Creatures are dependent on others for their existence. Their existence is contingent, that is, they may or may not have existed. Indeed, they are brought into existence by God and their existence must be sustained by God (Rev. 4:11). In contrast, God is of and from himself and he exists by himself. He was before all things and exists independent of all things. He is self-existent from eternity (Psalm 90: 1-4; 102: 25-27). If God is self-existent, he exists by the necessity of his own being. The existence of God is not contingent but necessary. God’s existence is not an act grounded in an act of his own volition for this would imply he could unwill (destroy) his own existence, but in his nature.
Immutability as a necessary concomitant of God’s Aseity
The Immutability of God is a necessary concomitant of His aseity. It is that perfection of God by which He is devoid of all change, not only in His Being, but also in His perfections, and in His purposes and promises. In virtue of this attribute He is exalted above all becoming, and is free from all accession or diminution and from all growth or decay in His Being or perfections. His knowledge and plans, His moral principles and volitions remain forever the same. Even reason teaches us that no change is possible in God, since a change is either for better or for worse. But in God, as the absolute Perfection, improvement and deterioration are both equally impossible. This immutability of God is clearly taught in such passages of Scripture as Ex. 3:14; Ps. 102:26–28; Isa. 41:4; 48:12; Mal. 3:6; Rom. 1:23; Heb. 1:11, 12; Jas. 1:17. [Berkhof, pp. 58-59]
The divine immutability should not be understood as implying immobility, as if there were no movement in God. It is even customary in theology to speak of God as actus purus, a God who is always in action. The Bible teaches us that God enters into manifold relations with man and, as it were, lives their life with them. There is change round about Him, change in the relations of men to Him, but there is no change in His Being, His attributes, His purpose, His motives of action, or His promises. The purpose to create was eternal with Him, and there was no change in Him when this purpose was realized by a single eternal act of His will. The incarnation brought no change in the Being or perfections of God, nor in His purpose, for it was His eternal good pleasure to send the Son of His love into the world. And if Scripture speaks of His repenting, changing His intention, and altering His relation to sinners when they repent, we should remember that this is only an anthropopathic way of speaking. In reality the change is not in God, but in man and in man’s relations to God. It is important to maintain the immutability of God over against the Pelagian and Arminian doctrine that God is subject to change, not indeed in His Being, but in His knowledge and will, so that His decisions are to a great extent dependent on the actions of man; over against the pantheistic notion that God is an eternal becoming rather than an absolute Being, and that the unconscious Absolute is gradually developing into conscious personality in man; and over against the present tendency of some to speak of a finite, struggling, and gradually growing God. [Berkhof, p. 59]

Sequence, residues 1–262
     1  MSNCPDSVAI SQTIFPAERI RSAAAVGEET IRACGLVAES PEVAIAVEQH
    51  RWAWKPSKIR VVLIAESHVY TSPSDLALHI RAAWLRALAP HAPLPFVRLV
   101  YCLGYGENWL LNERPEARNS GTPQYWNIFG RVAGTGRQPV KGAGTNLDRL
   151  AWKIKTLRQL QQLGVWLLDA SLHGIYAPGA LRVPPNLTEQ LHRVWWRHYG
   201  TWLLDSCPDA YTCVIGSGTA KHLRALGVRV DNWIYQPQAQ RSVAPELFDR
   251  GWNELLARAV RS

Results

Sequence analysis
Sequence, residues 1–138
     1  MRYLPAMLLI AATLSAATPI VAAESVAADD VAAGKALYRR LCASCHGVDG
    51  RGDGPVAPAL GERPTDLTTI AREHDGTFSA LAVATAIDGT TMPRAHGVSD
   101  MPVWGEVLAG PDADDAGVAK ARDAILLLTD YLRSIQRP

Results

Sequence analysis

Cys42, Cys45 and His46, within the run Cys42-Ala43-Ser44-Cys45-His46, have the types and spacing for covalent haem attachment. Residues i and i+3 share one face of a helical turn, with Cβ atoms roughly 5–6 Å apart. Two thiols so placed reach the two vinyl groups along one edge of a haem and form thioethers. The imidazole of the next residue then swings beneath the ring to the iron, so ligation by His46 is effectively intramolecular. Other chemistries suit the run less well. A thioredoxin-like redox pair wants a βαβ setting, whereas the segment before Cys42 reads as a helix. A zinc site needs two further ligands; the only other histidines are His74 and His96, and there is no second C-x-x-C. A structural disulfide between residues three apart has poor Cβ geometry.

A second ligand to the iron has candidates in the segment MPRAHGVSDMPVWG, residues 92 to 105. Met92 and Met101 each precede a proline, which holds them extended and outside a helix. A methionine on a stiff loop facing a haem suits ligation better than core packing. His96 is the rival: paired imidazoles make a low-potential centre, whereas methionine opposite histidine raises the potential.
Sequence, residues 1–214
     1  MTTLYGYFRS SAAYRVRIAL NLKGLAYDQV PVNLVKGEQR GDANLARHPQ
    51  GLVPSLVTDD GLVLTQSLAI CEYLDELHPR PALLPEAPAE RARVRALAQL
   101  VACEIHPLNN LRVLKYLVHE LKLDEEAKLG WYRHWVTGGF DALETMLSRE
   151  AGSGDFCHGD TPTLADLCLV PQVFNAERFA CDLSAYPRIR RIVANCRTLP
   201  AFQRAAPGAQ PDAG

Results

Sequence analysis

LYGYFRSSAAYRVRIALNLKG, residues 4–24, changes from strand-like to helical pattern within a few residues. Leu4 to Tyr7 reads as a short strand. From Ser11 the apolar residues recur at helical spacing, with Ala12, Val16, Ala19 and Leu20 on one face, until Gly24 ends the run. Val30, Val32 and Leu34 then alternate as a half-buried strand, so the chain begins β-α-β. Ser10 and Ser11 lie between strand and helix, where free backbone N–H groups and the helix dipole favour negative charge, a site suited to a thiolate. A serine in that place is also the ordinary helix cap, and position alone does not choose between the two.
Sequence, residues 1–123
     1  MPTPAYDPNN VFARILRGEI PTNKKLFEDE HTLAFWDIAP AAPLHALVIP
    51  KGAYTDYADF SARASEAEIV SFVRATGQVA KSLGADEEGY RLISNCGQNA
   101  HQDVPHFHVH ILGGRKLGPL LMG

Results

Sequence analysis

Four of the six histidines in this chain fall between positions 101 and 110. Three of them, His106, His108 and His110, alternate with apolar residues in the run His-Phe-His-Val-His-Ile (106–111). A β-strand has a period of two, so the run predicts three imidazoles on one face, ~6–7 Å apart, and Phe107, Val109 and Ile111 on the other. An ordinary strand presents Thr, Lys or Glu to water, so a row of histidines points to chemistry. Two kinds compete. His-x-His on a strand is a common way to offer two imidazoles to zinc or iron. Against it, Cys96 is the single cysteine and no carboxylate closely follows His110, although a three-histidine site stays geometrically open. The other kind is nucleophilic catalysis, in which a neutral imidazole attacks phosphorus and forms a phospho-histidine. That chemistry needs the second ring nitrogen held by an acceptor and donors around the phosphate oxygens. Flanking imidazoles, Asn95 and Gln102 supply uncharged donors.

Finally, God’s aseity entails that he is perfect, he is being and not becoming. Classical theism describes God as pure act in that he has no passive potentiality that he might become more that what he is.
He who is the blessed and only Sovereign, the King of kings and Lord of lords, who alone has immortality, who dwells in unapproachable light, whom no one has ever seen or can see. To him be honor and eternal dominion. Amen. (1 Timothy 6:15)
Next Post: The Immutable God Who Cares. Part 3 – Divine Simplicity & Immutability of God.